1. There was a partnership at will under the name and style of AR. PL. Singapore, which carried on business at that place. The partners were the family of the deceased consisting of himself, the accountable person and a third party. On April 12, 1958, the deceased sued in the High Court of Singapore for dissolution of the partnership. The same day the court appointed the deceased as receiver and manager of the properties of the firm. The dissolution ordered by the court was made effective from May 14, 1958. The firm owned both movable and immovable properties, ofwhich the value of the immovable properties was estimated at $ 1,86,000. The death was on August 15, 1958. In his return the accountable person treated the immovable properties as outside the scope of the Estate Duty Aci, 1953. But this view was not accepted by the department, which opined that the family consisting of the deceased and the accountable person was but entitled to a half share in the assets of the erstwhile firm and such share should be treated as personal property, rather than as having the character of immovable property. At the instance of the accountable person, this reference under Section 64 of the Estate Duty Act, 1953, has been made of the following question :
'Whether on the facts and in the circumstances of the case, the share of the deceased in the partnership known as 'AR. PL. Singapore' was correctly treated as movable property for the purposes of the Act '
2. We are of opinion that the revenue is correct. Mr. Thyagarajan for the accountable person urges that after the dissolution of the firm, although the erstwhile partners were entitled to share in the assets of the firm, their position in respect of them should be treated as that of co-owners and, as such, the share of each quondam partner should be regarded as an interest in immovable property. It is further pointed out that there is nothing on record to show that there was anything like an administration of the firm's assets and liabilities involving the various steps contemplated by Section 48 of the Indian Partnership Act, 1932, before the residue was divided between the sharers, and from this standpoint too, the deceased's interest in his one-fourth share in the firm's assets was immovable property. There can be no doubt that, if what is in question is immovable property outside the Indian territories, Section 21(1) of the Estate Duty Act clearly directs that such property shall not be included in the property passing on the death of the deceased. Sub-section (2) of this section confers upon the Board the power to make rules regulating the manner in which the nature and locality of different classes of assets shall be determined for the purposes of this section. Rule 7, which has been framed in exercise of this power, prescribes that the share of a partner in a partnership shall be treated as an indivisible asset for the purpose of determination of its nature and locality, and that is movable, notwithstanding that the firm owns immovable property. Prima facie, the Rule, as its language suggests, covers only the share of a partner in an existing partnership, and a dissolved partnership, without straining the language, cannot be brought within its ambit. But this does not appear to make any difference to the revenue in the instant reference.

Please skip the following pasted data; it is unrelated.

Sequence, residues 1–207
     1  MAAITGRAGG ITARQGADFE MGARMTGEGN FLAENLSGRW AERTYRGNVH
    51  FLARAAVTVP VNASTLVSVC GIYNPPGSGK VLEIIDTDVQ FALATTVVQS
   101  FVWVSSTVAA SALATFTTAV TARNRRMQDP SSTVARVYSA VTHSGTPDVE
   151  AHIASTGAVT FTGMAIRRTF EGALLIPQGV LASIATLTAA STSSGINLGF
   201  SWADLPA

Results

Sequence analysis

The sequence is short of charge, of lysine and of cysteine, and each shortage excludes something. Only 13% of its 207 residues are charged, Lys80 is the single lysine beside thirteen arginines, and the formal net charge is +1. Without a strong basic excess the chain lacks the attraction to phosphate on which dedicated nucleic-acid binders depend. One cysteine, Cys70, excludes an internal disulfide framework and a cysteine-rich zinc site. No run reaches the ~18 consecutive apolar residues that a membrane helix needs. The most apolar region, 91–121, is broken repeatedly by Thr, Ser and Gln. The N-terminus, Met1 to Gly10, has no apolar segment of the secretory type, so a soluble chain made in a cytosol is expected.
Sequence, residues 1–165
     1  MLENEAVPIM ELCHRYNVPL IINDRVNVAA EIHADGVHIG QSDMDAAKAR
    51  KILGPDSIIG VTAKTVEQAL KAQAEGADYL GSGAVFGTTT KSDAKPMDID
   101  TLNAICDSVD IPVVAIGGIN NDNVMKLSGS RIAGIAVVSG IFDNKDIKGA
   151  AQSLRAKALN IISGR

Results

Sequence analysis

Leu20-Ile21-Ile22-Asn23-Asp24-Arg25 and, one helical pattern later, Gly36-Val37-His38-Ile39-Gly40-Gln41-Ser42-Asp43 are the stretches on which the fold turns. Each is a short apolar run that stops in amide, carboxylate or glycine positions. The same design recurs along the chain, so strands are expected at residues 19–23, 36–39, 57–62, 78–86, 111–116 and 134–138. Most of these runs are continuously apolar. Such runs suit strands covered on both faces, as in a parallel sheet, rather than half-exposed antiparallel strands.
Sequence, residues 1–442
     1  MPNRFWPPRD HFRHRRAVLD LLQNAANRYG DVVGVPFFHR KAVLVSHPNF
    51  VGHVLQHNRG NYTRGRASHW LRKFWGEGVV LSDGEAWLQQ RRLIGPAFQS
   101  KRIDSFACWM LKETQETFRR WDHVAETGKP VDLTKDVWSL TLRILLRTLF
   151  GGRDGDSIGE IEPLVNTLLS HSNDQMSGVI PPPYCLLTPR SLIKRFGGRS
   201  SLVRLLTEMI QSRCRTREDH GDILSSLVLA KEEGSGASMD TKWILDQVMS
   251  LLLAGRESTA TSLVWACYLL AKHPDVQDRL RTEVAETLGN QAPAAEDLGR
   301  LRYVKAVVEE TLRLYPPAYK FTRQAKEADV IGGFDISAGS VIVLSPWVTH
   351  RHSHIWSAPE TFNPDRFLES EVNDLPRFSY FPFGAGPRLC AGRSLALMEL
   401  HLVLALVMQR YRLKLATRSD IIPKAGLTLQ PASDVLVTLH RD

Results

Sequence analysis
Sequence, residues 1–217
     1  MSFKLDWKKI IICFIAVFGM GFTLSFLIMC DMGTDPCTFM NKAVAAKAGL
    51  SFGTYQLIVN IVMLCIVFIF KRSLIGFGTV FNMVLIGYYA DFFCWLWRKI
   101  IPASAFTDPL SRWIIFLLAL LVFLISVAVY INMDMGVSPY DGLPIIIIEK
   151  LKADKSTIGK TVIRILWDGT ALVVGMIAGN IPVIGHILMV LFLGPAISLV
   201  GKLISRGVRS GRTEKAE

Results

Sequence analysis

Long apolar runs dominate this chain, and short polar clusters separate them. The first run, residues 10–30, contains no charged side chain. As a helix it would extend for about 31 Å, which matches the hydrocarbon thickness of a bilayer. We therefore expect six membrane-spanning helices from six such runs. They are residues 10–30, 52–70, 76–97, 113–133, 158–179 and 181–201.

3. The law seems to be so well settled now that it is impossible to accept Mr. Thyagarajan's proposition mentioned above. Section 29 of the Indian Partnership Act, 1932, which deals with the rights of transfer of a partner's interest, lays down by its second sub-section that, if a firm were dissolved the transferee from an erstwhile partner of his share in the quondam partnership is entitled, as against the remaining partners, to receive his share of the assets of the firm to which the transferring partner was entitled, and, for the purpose of ascertaining that share, to an account as from the date of the dissolution. The share of the deceased partner has, therefore, to be ascertained as on the date of dissolution of the firm, though that result is achieved after applying the steps specified in Section 48 of the Partnership Act and the residue for division in proportion to shares is eventually ascertained. The right of a partner before or after dissolution of a firm is always to share the profits of the firm, which, in the ultimate analysis, means the net assets of the firm. The right of a partner in not ,to any particular asset of the firm but only to his share in the net funds, to which the assets of the firm are converted, whether the assets were comprised of only immovable properties or both these and movable properties. At no time a partner or a quondam partner could assert his right to a share in any specific property. If in the ultimate division of the residue a quondam partner is allowed a piece of immovable property that once belonged to the firm, even in that case the law assumes it to be in lieu of his share of the profits of the firm and the allotment is, therefore, to be regarded as of a movable property in the shape of such share. This, proposition has been clearly laid down by the Supreme Court in A, Narayanappa v. B. Krishnappa, : 3SCR400 . The question there was whether a particular karar was admissible in evidence, the argument being that because it was not registered, it could not be received in evidence. The karar recited that from a particular day the firm's business was brought to a close and from that day onwards one of the partners gave up to the other his right in the machine, etc., and also in the business by way of adjustment of the mutual rights and in return he had received a piece of immovable property. The Supreme Court held that the document did not require registration and, after referring to various English cases, it summed up the position with reference to the Indian Act as follows: